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westonben

3.9 Bad Idle

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Ben

:blink:

Before you do anything else, try this:

Grub around in your drivers foot well (drop the pannel under the steering wheel down) and find the diagnostic socket which the dealer uses to pug the fault code reader into. It is is often taped or cable tied onto the loom. If you can't find it let me know and I will photograph mine and post it.

It will have three wires going into it and a blanking plug inserted into the socket.

The blanking plug will in turn have a single wire coming out of it which is taken back to the wiring side of the socket. If this plug/socket and jumper lead arrangement is not properly connected (in effect cross connecting two of the three wires properly), your engine will exhibit all the symptoms you are describing and run like a bag of the proverbial at idle. This is because the ECU thinks it has a fault code reader attached - and doesn't - which screws up the high / low logic inputs to two of the pins into the ECU.

You may find that some plonker in the garage hasn't replaced this blanking plug properly last time they pluged in the fault code reader!

Then strip down the plug and socket and clean up any surface corrosion on the surface of the pins with a fine emery paper. Crimp the female connectors slightly to ensure a good connection. Reassemble and reconnect. Disconnect the battery for 30 seconds. Reconnect battery and restart.

Very simple but not a lot of people know about this one. I would do all this anyway however because it may be that you have this fault intermittently which is compounding something else and making that difficult to diagnose.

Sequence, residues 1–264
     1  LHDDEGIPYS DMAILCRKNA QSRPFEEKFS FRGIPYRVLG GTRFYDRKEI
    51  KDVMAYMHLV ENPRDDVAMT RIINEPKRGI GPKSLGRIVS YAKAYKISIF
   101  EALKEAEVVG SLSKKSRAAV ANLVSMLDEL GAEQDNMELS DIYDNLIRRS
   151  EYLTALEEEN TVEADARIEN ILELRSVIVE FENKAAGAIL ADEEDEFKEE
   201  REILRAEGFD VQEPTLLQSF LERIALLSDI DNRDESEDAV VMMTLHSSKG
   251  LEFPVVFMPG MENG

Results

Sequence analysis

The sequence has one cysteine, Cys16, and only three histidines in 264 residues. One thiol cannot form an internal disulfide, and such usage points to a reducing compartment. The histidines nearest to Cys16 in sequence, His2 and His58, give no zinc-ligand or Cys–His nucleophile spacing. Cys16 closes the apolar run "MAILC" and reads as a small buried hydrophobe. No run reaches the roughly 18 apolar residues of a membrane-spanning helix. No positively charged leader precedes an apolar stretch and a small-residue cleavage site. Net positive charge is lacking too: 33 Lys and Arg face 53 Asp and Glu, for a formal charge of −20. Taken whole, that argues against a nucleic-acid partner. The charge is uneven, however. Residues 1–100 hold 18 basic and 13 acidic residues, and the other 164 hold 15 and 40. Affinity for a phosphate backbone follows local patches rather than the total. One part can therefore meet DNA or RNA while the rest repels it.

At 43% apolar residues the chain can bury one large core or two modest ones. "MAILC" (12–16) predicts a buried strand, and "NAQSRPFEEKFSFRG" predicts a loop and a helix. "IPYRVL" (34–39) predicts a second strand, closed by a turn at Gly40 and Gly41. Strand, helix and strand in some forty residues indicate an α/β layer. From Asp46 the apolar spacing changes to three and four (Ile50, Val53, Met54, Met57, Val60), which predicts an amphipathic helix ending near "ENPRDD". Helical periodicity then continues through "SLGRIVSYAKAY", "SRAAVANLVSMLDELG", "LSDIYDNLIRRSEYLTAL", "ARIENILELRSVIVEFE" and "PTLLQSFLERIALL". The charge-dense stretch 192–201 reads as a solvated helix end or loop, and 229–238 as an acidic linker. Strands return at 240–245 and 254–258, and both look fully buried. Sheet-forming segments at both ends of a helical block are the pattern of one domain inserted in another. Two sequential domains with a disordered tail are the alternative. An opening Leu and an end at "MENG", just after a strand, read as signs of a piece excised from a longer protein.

Alistair

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Grub around in your drivers foot well (drop the pannel under the steering wheel down) and find the diagnostic socket which the dealer uses to pug the fault code reader into. It is is often taped or cable tied onto the loom. If you can't find it let me know and I will photograph mine and post it.

Alistair,

Thanks, will take a look at this. Can you identify which is the socket you are referring to from my picture? Is it the orange one?

Thanks

Ben

DSCF4031.JPG

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This is why I always go for a diesel motor.

Less things to go wrong and thus infinately more reliable.

Ah but when things go wrong on a petrol engine they can usually be home serviced and don't often cost £450 (diesel injection pump) or £250 (turbo) ;)

After a brief foray into diesel ownership I am now going back to petrol because there is less on a petrol engine that I can't diagnose/fix - even within my very limited budget... (and I also happen to have one on the drive so it's effectively free)

Back on-topic - the orange thing taped to the loom is the tune resistor, but I am afraid that I can't help with the fault-code reader connector. There is reference to 17EM FAULT CODE DISPLAY UNIT - RR2814h-l in the manual, with the following information:

1990 model year vehicles have a fault code display unit which is located underneath the right hand front seat, adjacent to the EFI ECU. The unit will display the relevant fault code, in addition to the EFI warning light being illuminated.

But mine doesn't have the display unit so I don't know where it would be plugged in. I'll have a look around the wires when it gets light.

Roger

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Very simple but not a lot of people know about this one.

Although it does form part of a LR Service Bulletin for this carp idling problem. :rolleyes:

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I did have the Air Mass tuned just last week (by Bosch) but I guess the ECU is adaptive and I never drove it long enough with the new sensor on before getting it tuned?? Either that or they just didn't know the correct target setttings??

With no O2 sensors it'd be a good trick if your ECU could self-tune to any useful degree with no feedback :huh: and since I've got my pessimist hat on, I doubt the diagnostics plug is going to yield any information you couldn't find by doing some simple tests yourself. The problem with diagnostics is the system has to know it's faulty, more often than not diagnostics leads you the wrong way by reporting unrelated symptoms to the actual fault.

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Ben.

The diagnostic plug is white. That orange one is the tune resistor...but I have to agree with Fridge though.

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